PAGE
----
The UPC Preparatory Committee published on April 10th, 2017 the last version of the Rules of Procedure, adopted during a meeting on the 15th of March 2017. This presumably final version of the Rules of Procedure clarifies some points that were still vague or incomplete but no significant changes from the previous version of the rules is to be reported; that may be the reason why the Committed decided not to update the title of the Draft Rules which remains the “18th Draft of the Rules of Procedure of the Unified Patent Court”. Here is a summary of the most important changes.
Rule 5, regarding the opt-out process, is subject to several changes about the persons being able to opt out and the opt-out fees.
The previous version of the Draft Rules raised number of questions about the opt-out process. The Preparatory Committed ended the uncertainty remaining on opt-out fees during a meeting standing on the 24th of February 2016, and declared that there will be no opt-out fees. This decision is now inserted in the new Draft Rules at Rule 5 with the removal of paragraph 5 which previously referred to the opt-out fee, and with deletion in former paragraph 8 of reference to a fixed fee for withdrawal of opt-out.
Paragraph 3 of Rule 5 now specifies the opt-out has to be applied for by or on behalf each proprietor who is entitled to be registered in the national patent register. This clarifies that “proprietor” is intended for the actual proprietor(s) of the European patent or application, not those recorded in the register.
The revised Rule 5 makes it more explicit that any person may lodge the application to opt-out on behalf of the proprietor. When the person lodging the Application to opt-out is neither the proprietor, nor a representative according to article 48 of the UPC Agreement, the application shall contain a mandate authorizing the person to lodge the Application to opt-out.
Invitation to the President of the European Patent Office to comment
Rule 94 allows the judge-rapporteur to invite the President of the EPO to comment on any questions arising in the course of proceedings not only in first instance, as provided for in the previous version of the Rule, but also on appeal.
Rule 209 adds a last paragraph 5 about the Application for provisional measures. According to Rule 194, in case of an application for preserving evidences, when the defendant is informed about the application and the patent is also subject to a protective letter according to Rule 207, the applicant has the opportunity to withdraw its application. This mechanism now also applies to an ex parte application for provisional measures.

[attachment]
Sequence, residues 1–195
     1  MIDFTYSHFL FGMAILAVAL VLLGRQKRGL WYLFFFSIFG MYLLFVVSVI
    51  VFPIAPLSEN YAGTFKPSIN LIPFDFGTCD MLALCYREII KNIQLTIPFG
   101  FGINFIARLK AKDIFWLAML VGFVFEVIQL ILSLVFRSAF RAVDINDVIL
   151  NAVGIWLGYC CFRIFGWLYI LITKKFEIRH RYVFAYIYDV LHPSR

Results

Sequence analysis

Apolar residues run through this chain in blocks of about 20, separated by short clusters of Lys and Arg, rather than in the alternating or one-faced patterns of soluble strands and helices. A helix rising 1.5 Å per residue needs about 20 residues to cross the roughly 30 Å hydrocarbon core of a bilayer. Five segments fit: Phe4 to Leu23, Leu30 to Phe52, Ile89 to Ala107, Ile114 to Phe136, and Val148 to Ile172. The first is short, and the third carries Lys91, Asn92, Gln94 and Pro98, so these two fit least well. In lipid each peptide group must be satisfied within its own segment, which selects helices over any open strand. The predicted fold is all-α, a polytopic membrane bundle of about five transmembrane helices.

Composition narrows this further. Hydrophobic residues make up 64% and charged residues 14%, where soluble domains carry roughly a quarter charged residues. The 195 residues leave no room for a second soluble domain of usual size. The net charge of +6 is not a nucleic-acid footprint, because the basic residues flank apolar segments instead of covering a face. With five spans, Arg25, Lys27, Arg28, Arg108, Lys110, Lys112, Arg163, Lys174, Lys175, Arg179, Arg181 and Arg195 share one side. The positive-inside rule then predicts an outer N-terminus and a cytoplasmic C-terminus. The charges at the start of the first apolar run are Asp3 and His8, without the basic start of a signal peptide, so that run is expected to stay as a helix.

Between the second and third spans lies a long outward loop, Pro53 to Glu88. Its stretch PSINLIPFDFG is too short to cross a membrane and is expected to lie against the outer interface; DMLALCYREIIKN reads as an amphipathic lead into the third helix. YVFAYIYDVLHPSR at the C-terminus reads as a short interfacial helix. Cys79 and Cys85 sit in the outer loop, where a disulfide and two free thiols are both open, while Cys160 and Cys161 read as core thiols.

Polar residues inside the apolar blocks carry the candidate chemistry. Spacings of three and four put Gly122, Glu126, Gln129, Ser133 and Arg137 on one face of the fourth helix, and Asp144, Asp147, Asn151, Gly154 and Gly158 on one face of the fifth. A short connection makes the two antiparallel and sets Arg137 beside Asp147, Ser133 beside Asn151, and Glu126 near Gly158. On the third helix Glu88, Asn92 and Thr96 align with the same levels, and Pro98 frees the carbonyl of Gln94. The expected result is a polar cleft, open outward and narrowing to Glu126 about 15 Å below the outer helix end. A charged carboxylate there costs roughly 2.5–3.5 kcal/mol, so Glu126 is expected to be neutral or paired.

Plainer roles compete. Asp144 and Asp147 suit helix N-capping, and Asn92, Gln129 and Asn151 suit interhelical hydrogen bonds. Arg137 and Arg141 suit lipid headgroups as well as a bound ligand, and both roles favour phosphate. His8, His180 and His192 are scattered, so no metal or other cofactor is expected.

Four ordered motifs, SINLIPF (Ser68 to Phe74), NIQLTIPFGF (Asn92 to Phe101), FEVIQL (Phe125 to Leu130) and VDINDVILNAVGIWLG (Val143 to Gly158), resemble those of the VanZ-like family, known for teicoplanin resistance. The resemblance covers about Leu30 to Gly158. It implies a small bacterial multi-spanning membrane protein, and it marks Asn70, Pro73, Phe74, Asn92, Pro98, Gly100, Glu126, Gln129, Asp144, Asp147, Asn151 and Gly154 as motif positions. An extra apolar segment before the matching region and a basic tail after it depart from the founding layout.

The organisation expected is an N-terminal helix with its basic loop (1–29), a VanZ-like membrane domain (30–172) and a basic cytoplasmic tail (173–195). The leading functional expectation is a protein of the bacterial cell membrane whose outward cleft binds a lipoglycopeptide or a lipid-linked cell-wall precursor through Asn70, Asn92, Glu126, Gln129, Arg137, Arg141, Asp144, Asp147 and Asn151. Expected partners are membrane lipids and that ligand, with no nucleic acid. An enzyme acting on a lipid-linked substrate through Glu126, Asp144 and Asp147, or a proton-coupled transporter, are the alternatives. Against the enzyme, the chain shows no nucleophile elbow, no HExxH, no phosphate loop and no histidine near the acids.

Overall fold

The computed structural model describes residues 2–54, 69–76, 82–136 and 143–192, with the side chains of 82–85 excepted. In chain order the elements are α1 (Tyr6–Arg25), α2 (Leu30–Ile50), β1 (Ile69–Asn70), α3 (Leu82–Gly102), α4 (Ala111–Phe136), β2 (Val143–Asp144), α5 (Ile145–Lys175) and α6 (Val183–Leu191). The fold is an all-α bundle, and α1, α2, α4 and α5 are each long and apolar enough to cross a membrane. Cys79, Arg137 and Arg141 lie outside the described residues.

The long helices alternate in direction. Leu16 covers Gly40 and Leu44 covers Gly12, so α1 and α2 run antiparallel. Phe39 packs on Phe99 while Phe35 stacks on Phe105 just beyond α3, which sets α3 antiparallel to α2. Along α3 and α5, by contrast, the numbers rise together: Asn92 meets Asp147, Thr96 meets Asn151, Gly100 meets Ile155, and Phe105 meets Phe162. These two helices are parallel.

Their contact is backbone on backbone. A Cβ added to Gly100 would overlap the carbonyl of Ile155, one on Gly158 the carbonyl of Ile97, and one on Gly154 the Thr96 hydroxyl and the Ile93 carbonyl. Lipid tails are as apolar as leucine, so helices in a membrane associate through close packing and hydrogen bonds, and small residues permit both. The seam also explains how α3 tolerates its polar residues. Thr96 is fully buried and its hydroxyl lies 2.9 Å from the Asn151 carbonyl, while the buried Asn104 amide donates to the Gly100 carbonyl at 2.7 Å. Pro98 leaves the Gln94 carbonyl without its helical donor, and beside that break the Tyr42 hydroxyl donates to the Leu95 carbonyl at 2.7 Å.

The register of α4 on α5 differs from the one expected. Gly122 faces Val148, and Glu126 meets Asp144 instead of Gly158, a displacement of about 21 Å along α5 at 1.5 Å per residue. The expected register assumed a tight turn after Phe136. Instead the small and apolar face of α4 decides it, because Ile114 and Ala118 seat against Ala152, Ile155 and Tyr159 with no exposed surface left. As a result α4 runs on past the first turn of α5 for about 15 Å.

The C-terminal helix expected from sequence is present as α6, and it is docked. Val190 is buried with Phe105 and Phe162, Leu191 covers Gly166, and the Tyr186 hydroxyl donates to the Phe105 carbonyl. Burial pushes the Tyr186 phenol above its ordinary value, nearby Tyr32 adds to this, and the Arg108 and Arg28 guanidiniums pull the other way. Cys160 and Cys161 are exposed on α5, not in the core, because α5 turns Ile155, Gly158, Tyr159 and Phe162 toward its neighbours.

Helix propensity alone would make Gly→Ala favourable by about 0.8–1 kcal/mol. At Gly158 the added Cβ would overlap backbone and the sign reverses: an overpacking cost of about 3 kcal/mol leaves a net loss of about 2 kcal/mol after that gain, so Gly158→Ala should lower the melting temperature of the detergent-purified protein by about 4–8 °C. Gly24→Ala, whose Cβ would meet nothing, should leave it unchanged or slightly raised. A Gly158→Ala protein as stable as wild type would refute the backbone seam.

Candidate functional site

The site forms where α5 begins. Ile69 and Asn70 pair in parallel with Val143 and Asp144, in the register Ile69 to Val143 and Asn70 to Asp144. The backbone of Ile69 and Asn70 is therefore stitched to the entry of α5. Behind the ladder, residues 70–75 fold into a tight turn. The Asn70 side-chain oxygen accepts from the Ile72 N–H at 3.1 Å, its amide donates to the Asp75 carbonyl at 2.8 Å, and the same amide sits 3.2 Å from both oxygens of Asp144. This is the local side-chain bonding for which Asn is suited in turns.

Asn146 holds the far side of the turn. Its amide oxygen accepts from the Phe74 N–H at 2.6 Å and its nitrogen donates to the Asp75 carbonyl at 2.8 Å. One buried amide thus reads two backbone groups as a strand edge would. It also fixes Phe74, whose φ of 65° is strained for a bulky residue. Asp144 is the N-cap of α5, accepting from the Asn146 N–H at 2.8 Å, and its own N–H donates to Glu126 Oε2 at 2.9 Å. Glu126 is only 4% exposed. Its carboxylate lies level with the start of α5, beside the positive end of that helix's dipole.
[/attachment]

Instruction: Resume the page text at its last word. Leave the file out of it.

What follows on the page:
The previous Draft Rules didn’t mention the fees, leaving suspense on it. This new version rewrites the Rule 370 and 371 about Court Fees.
The fees are classified into four categories.
The first one (referred to as Section I of the table of fees) is related to the fixed fees to be paid before the Court of First Instance for infringement action, counterclaim for infringement, action for declaration of non-infringement, action for compensation of licence of right, and for application to determine damages. For these procedures, a second category of fee, a value-based fee defined in Section II of the table of fees,, must further be paid when the action before the Court of First Instance exceeds a value of 500.000 €. The minimal amount has been fixed by the Preparatory Committee in this new Draft of the Rules of Procedures, and has also been inserted in Rule 22. The principle of a value based fee for the infringement action has been inserted in Rule 15.
The third category (Section III of the table of fees) is related to specific procedures before the Court of First Instance, such as revocation action or counterclaim for revocation, application for provisional measures or application to preserve evidence, or action against a decision of the European Patent office.
The fourth category (Section IV) is about the fees to be paid before the Court of Appeal.
The New Rules provides for a reduction of fees for small entities, which will be entitled to pay only 60% of the fees required.
Finally, Rules 370 sets out the terms of reimbursement of fixed fees and value-based fees.
The new Rule 377 removes the requirement for citizenship of European Union or residence in a European Union Member State in order to apply for legal aid.
All the questions raised by the formulation and gaps of the previous Rules have not been answered with this new Draft. The UPC will probably be left with the task to settle the remaining uncertainties.